Wheaton College Norton, Massachusetts

Gail Sahar

Homelessness. Poverty. Who’s to blame? The individual or society? Your answer likely will determine your behavior. Associate Professor of Psychology Gail Sahar has spent years researching the connection between blame and behavior regarding social issues. Lately, she has focused the lens of the “attribution theory” toward political attitudes. Last summer, she presented a research paper titled “On the Importance of Attribution Theory in Political Psychology” to the Annual Meeting of the International Society of Political Psychology, in Paris. We talked with her about her work.

Explain the theory.

Attribution theory is the study of how people attribute causes for events. It could be for events that happen to you or to other people. The idea is that when something happens, particularly something negative or surprising, we do what’s called a causal search where we think, “OK, what caused that?” For example, a student fails a test. The first thing they probably ask themselves is “why did this happen?” Depending on the cause they choose, their emotions and behavior will be affected. If I think I failed because I’m not very smart, I’ll feel very differently than if I think I failed because the test was unfair, or I didn’t study hard enough. And those attributions will influence whether we try hard the next time. It isn’t only about the attribution of responsibility and the behavior—in between there are emotional reactions to talk about. If you hold someone responsible for something negative, you also feel anger. So if I see someone who is homeless and I think he’s lazy, I’ll feel angry at him for asking me for money. And I won’t want to help him. If I feel that it’s not his fault, then I’ll tend to feel sympathy or pity, and I will want to help him. And that holds up in all these other cases—welfare, abortion.

Why has this area of psychology connected with you?

I like theories that are useful. Some psychological theories are kind of counterintuitive and very distant from reality. What I liked about this is that it explains so much about the real world, so when I teach about it students immediately understand what I’m saying and can understand their own behavior and other people’s behavior.

How much does attribution impact behavior?

A lot. The theory started with talking about academic situations, like why a student in a classroom might feel hopeless. And one of the reasons they seem to feel hopeless is that when they fail they tend to think it’s about them—their own low ability. So it was applied initially there: How do you teach kids to make different attributions? What has been fascinating for me is that this theory applies to so many areas of life.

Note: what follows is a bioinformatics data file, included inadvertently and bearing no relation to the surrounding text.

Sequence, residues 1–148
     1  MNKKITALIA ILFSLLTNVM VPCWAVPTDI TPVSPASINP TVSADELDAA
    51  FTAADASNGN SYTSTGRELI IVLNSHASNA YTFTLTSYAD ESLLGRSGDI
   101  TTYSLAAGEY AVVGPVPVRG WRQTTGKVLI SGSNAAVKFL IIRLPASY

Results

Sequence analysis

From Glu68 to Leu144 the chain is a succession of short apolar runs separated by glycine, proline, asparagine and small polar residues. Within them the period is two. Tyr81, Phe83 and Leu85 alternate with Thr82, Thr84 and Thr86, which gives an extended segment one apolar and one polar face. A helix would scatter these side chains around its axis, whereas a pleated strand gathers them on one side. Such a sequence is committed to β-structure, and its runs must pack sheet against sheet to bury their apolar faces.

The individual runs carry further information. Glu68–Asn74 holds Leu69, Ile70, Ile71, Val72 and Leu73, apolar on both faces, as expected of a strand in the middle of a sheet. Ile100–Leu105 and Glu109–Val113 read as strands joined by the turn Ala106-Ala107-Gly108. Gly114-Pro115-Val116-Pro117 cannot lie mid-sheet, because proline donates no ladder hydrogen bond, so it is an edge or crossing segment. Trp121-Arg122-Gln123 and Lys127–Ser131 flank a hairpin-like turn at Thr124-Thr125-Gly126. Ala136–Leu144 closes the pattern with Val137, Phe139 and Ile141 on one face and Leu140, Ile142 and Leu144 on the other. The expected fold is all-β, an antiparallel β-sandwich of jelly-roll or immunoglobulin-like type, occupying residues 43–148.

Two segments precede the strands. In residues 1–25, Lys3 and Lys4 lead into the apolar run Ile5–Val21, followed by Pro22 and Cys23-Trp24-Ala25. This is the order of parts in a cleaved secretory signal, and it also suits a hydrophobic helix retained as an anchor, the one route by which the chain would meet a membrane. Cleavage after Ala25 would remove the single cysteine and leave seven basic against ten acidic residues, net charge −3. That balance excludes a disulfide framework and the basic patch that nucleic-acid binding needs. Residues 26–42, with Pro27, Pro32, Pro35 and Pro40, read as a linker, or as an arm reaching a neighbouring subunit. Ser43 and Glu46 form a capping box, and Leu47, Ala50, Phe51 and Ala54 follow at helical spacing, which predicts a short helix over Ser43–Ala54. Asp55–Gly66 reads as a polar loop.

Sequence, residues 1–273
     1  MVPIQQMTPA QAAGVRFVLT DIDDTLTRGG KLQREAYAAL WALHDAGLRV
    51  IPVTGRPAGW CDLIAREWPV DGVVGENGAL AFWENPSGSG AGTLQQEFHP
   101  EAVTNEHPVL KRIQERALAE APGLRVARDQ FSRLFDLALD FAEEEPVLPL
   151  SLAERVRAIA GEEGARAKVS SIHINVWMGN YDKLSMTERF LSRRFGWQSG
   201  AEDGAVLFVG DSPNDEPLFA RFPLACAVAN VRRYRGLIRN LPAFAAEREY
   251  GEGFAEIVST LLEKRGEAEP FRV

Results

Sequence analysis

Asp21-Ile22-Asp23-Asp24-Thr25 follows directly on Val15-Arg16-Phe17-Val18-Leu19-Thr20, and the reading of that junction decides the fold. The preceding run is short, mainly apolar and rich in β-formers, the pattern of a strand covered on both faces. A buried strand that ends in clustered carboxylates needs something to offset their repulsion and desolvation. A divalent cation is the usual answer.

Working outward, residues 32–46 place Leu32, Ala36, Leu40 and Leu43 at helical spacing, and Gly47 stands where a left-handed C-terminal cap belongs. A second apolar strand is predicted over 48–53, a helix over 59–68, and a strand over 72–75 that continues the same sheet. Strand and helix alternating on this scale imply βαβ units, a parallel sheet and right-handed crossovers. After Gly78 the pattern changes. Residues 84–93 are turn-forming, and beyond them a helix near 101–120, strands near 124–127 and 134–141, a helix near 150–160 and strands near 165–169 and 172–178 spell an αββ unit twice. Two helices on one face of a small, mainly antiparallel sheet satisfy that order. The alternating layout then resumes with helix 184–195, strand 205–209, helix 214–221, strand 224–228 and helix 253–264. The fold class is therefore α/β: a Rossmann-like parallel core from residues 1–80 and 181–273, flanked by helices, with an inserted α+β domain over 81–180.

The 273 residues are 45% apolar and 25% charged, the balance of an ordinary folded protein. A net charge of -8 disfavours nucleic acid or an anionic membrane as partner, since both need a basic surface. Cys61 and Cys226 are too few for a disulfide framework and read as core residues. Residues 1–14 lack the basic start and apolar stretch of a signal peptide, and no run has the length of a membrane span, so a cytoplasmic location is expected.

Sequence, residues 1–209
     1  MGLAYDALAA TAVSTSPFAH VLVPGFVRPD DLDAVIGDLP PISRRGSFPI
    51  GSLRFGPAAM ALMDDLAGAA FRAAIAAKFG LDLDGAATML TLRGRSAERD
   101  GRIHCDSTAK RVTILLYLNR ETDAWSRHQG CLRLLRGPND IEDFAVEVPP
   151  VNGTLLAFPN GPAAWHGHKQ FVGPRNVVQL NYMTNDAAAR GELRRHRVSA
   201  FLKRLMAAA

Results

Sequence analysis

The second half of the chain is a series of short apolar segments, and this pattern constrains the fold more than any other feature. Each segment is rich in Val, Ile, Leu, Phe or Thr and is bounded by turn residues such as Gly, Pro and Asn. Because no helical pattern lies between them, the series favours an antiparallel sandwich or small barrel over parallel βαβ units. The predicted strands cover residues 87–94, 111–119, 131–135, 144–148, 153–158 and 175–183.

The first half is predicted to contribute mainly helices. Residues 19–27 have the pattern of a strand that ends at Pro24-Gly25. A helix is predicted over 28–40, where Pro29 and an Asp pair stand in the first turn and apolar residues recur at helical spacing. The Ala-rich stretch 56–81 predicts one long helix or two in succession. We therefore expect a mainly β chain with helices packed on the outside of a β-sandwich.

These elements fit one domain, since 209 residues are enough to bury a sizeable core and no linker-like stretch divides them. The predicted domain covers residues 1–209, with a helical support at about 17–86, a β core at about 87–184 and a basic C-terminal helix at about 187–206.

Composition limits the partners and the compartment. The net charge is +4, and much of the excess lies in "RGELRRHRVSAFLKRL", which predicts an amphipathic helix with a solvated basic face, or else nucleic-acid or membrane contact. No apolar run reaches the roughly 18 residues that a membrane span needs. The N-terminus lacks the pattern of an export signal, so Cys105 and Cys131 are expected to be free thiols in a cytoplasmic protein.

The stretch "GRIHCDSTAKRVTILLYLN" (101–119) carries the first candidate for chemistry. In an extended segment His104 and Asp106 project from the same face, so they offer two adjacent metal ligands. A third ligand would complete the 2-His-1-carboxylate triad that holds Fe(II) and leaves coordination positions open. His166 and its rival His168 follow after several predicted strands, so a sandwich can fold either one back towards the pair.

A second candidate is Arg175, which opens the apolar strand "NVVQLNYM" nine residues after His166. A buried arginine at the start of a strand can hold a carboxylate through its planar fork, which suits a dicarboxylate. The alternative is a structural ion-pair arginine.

What does this have to do with political attitudes?

The causal attributions that we decide are important for particular social problems have a lot to do with our political ideology. One of the hallmarks of being politically conservative is that the individual is responsible for problems. So, in general, if you’re poor, someone who is very conservative will say, “It’s about you. You’re not working hard enough.” Liberals are more likely to say that it might be society’s fault, maybe there is discrimination, maybe there aren’t enough jobs, maybe there are all these other factors. These attributions in turn affect emotions and beliefs about how to solve the problem. The other way it plays out is that we do so much blaming in politics that a lot of what successful politicians learn to do is attempt to be perceived as responsible for good things and not responsible for bad things. It’s almost blame management that they do. So if the economy is bad, do we blame the president or not? Do we think he is the cause, or do we think it’s due to other factors out of his control?

How did that play out in the recent election?

In this election, it was very clear. McCain was unable to really take the blame off of the Republicans for the state of the country. He tried. They always try. All politicians on the right and the left really attempt to manage blame. But I don’t think it worked out in this case.

Why is it important to understand the influence of attribution?

For psychologists like myself, we consider it contributing to the body of knowledge of how the mind works. In this case, the theory also has tremendous applications to the real world…. People’s knowledge of this can have a big effect on their behaviors. If I know that by influencing people’s perceptions of responsibility I can influence their attitudes toward public policy, that’s pretty important.

Which public policy attitudes are influenced by attribution?

Well, attitudes toward welfare seem to be influenced by perceptions of the causes of poverty—that one is pretty intuitive. But in my work, I have also found that attitudes toward abortion are determined in part by our perceptions of the causes of unwanted pregnancy. Individuals are more supportive of abortion if they don’t see the woman as responsible for getting pregnant. And more recently, I found evidence that causal attributions for terrorist attacks relate to attitudes toward waging war against terrorism. So, the theory applies to an incredible range of issues.